# 15.15: The Payback Method

- Page ID
- 46011

### Learning Objectives

- Describe the pay-back method

When we talk about the payback method, it is important to have a couple of pieces of information. First, we need the initial purchase price. We will also need to know what our net cash flow per year will be with this purchase. With this information, we can figure out how many years it will take to get our initial investment back.

This method, along with the net present value method and the internal rate of return method, all use cash flows to determine decisions. Typical cash outflows include the initial investment in the equipment or project, including any installation costs or additional capital needed. Cash inflows may include the salvage value of the equipment, if any, increase in revenues and decreases in expenditures.

Let’s look at an example of the payback method.

### Example

We purchase a $50,000 piece of machinery to make our widgets today. We will get $10,000 in net cash flow per year from this piece of machinery. What is our payback period?

5 years = $50,000/$10,000

So if we make this purchase, it will take us five years to get back our initial investment. Let’s look at a couple of other options:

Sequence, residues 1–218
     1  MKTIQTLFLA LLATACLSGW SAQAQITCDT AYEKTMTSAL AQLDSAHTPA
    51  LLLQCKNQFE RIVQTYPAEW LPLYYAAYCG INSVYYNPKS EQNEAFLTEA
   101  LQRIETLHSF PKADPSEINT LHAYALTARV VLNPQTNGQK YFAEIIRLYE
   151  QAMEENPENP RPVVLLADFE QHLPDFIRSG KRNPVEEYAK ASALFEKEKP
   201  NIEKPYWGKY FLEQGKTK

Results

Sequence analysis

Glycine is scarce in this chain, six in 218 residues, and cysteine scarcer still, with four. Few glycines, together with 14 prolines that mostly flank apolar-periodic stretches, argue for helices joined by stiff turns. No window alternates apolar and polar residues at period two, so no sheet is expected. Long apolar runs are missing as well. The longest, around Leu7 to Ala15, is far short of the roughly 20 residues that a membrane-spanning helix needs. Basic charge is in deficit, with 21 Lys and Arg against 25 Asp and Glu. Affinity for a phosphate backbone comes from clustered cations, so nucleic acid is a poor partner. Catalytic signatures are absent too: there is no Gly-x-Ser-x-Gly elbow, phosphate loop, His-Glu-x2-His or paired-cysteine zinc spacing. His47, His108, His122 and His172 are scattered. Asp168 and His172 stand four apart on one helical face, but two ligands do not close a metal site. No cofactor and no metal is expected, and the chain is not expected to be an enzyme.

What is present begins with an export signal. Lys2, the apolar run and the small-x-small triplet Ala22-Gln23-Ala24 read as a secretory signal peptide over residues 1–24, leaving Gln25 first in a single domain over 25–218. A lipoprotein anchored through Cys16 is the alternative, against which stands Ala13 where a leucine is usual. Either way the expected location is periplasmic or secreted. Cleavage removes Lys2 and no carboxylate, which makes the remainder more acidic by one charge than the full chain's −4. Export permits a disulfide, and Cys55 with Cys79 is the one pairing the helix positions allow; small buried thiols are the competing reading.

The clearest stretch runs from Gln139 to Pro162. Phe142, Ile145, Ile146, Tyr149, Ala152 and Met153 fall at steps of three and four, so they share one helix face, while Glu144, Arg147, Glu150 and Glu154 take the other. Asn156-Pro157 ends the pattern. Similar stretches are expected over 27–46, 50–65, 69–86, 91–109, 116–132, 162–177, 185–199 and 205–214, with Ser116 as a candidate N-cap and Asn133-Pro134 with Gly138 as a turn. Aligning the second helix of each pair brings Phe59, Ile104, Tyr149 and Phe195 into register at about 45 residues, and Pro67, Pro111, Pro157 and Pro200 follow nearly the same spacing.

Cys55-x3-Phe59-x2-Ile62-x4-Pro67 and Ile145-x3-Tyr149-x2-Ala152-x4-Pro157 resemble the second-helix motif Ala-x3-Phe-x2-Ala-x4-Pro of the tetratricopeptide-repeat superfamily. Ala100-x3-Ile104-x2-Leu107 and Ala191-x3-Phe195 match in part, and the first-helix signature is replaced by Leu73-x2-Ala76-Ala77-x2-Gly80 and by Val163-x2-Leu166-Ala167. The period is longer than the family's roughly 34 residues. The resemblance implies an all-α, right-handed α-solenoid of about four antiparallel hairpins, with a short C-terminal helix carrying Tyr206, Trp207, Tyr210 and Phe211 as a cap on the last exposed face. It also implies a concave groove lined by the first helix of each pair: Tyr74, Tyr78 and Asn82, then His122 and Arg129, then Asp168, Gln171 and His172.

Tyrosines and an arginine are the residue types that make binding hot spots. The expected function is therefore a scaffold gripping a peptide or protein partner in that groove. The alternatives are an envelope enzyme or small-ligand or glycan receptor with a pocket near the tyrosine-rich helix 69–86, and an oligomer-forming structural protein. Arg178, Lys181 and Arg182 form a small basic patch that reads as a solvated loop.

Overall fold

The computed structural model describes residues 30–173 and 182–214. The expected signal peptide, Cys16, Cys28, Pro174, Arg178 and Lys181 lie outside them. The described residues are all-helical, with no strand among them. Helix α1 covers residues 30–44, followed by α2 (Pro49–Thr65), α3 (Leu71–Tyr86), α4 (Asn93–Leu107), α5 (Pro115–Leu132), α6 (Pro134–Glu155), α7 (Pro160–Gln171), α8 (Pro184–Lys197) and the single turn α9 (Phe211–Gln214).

**Machine A:**Purchase price $25,000. Net annual cash flow $5,000**Machine B:**Purchase price $36,000. Net annual cash flow $9,000

Machine A would pay back the initial investment in 5 years ($25,000/$5,000 per year) while machine B would pay back the initial investment in 4 years ($36,000/ $9,000 per year). So if we are just looking at the payback period, we would pick machine B, even though it costs **more** than machine A! The initial cash outlay is higher, but the money would be brought back into the company quicker. There may be other factors in play, but this method would encourage purchasing the more costly machine.

### Practice Questions

- The Payback Method.
**Authored by**: Freedom Learning Group.**Provided by**: Lumen Learning.**License**:*CC BY: Attribution*